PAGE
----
EGU24-659, updated on 08 Mar 2024
EGU General Assembly 2024
© Author(s) 2024. This work is distributed under
the Creative Commons Attribution 4.0 License.

New insights into the Belbaşhanı Pumice Plinian eruption: tephrostratigraphy, eruptive history and implications for volcanic hazards posed by Hasandağ (Central Anatolia)

Rengin Özsoy1, Ivan Sunye-Puchol1, Dario Pedrazzi2, Efe Akkas3, Antonio Costa4, Erkan Aydar3, Lorenzo Tavazzani5, Silvia Massaro4,6, Manuela Nazzari7, Daniel P. Miggins8, Simge Kaya3, and Silvio Mollo1
Rengin Özsoy et al.
  • 1Sapienza University of Rome, Earth Sciences, Rome, Italy (
  • 2Geoscience Barcelona (GEO3BCN), CSIC, Lluís Solé Sabarís s/n, 08028 Barcelona, Spain (
  • 3Department of Geological Engineering, Hacettepe University, Beytepe, 06800 Ankara, Turkey (
  • 4Istituto Nazionale di Geofisica e Vulcanologia, Sezione di Bologna, Bologna, Italy (
  • 5Department of Earth Sciences, ETH Zürich, Clausiusstrasse 25, CH-8092 Zurich, Switzerland (
  • 6Department of Earth and GeoEnvironmental Sciences, University of Bari, Bari, Italy (
  • 7Istituto Nazionale di Geofisica e Vulcanologia (INGV), Sezione di Roma1, Via Di Vigna Murata 605, 00143 Rome, Italy (
  • 8College of Earth, Ocean and Atmospheric Sciences, Oregon State University, 104 CEOAS Administration Building, 101 SW 26th St, Corvallis, OR 97331, USA (

Hasandağ has been one of the most active volcanoes in the Central Anatolian Volcanic Province (CAVP) during the late Pleistocene and Holocene. The past volcanic activity of Hasandağ is characterised by the eruption of multiple lavas, domes, block-and-ash flows (e.g., Aydar and Gourgaud, 1998; Kuzucuoğlu et al., 2020; Friedrichs et al., 2020). Additionally, this volcano has also experienced significant Plinian eruptions such as the Belbaşhanı Pumice, which is the focus of this work. Here, we present a complete volcanological investigation to better characterise this pumice fallout deposit and reconstruct the large explosive eruption that formed the Belbaşhanı Pumice approximately 400 ka ago.

By combining different methodological approaches (i.e., tephrostratigraphy, geological mapping, granulometric distribution, glass chemistry, geochronology, and shard morphology), we have derived isopach and isopleth maps, volume estimation, column height, and location of the eruption vent. The Belbaşhanı Pumice was formed by a Plinian column of about 23 km in height, which erupted ~2 km³ of bulk pyroclastic material. This column was erupted from a Hasandağ vent located at the intersection of the Tuz Gölü fault and a circular shape depression resembling a volcanic caldera. Major and trace element abundances show that the rhyolitic Belbaşhanı Pumice follows a compositional trend similar to those of documented for other Hasandağ pyroclastic deposits. The dispersal axis of the Belbaşhanı Pumice plume extended towards the NNE, leading to the accumulation of a pumice layer of at least 17-m-thick in proximal deposits and up to 2-m-thick in medial-distal areas (20 km from the vent). The highly vesiculated nature of the pumices and glass morphology indicate that Belbaşhanı Pumice was purely a magmatic eruption without any wet phases. Based on the abovementioned observations, we infer that the eruptive history of Hasandağ was related to VEI > 5 Plinian eruptions.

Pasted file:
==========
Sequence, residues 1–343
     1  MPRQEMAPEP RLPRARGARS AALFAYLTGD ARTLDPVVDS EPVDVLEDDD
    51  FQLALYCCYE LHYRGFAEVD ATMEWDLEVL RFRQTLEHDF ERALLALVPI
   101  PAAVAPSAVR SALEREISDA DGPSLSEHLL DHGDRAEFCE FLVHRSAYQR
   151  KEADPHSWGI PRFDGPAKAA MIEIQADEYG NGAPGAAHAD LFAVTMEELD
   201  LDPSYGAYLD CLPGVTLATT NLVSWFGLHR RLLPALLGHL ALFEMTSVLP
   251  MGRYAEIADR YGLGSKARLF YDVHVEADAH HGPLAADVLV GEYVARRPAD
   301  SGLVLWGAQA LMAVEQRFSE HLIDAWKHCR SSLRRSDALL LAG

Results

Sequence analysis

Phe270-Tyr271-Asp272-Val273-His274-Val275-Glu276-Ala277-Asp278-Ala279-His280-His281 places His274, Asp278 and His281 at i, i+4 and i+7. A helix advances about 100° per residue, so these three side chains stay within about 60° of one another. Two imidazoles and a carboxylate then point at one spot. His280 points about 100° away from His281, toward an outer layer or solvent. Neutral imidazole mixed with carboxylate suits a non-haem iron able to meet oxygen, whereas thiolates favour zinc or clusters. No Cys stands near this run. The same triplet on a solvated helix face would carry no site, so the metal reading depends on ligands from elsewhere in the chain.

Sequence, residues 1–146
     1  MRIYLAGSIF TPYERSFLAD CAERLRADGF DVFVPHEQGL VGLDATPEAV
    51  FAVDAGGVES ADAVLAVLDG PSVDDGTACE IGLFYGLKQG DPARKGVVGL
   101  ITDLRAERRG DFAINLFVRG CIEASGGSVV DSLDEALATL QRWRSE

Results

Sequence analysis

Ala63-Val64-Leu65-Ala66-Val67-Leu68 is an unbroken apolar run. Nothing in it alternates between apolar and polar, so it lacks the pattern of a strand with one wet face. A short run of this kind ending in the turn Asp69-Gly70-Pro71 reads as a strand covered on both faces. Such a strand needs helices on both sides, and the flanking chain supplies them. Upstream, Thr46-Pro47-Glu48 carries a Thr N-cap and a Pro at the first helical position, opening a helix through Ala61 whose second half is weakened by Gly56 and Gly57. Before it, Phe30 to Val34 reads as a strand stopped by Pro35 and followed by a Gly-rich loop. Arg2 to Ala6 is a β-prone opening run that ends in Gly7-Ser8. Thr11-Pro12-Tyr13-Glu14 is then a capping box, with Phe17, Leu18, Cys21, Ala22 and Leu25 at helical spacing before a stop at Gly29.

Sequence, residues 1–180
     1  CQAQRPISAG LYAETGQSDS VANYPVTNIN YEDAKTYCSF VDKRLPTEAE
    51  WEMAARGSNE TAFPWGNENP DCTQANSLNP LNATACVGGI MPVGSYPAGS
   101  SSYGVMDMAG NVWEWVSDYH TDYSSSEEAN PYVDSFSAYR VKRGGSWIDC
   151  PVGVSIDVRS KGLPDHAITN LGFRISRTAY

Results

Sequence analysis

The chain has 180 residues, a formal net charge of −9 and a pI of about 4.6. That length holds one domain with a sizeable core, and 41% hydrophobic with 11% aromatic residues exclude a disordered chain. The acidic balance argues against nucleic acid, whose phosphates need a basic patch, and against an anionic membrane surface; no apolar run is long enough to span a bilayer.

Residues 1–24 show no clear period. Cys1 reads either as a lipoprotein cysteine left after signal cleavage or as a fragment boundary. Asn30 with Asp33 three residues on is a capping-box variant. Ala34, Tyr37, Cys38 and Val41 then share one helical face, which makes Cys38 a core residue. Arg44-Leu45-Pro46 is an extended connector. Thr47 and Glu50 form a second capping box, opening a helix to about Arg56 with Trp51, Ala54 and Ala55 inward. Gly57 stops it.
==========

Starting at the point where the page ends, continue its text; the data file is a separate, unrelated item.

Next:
This contribution is relevant for a better understanding of hazard assessment within the CAVP, especially considering the current increase in fumarolic vents around the summit area, and in the seismic events  below and near the Hasandağ. In addition, the geochemical and geochronological data set is an important step to 1) foster future tephrochronological correlations, 2) constrain the distribution of the Belbaşhanı Pumices distal ashes and its eruptive magnitude, and 3) synchronize paleoenvironmental, paleoclimatic and archaeological records.

This research is part of Rengin Özsoy's Ph.D. thesis, funded through a PhD scholarship from La Sapienza – University of Rome and by the PÜSKÜRÜM project, a Marie Curie Action (Grant No. 101024337) funded by the European Union’s Horizon 2020.



  • Aydar, E. and Gourgaud, A. (1998). The geology of Mount Hasan stratovolcano, central Anatolia, Turkey. J Volcanol Geotherm Res 85:129–152.
  • Friedrichs, B., et al. (2020). Late Pleistocene eruptive recurrence in the post-collisional Mt. Hasan stratovolcanic complex (Central Anatolia) revealed by zircon double-dating. J Volcanol Geotherm Res 404:107007.
  • Kuzucuoğlu, C., et al. (2020). Geomorphology and tephrochronology review of the Hasandağ volcano (southern Cappadocia, Turkey). Mediterranean Geosciences Reviews,


How to cite: Özsoy, R., Sunye-Puchol, I., Pedrazzi, D., Akkas, E., Costa, A., Aydar, E., Tavazzani, L., Massaro, S., Nazzari, M., Miggins, D. P., Kaya, S., and Mollo, S.: New insights into the Belbaşhanı Pumice Plinian eruption: tephrostratigraphy, eruptive history and implications for volcanic hazards posed by Hasandağ (Central Anatolia), EGU General Assembly 2024, Vienna, Austria, 14–19 Apr 2024, EGU24-659,, 2024.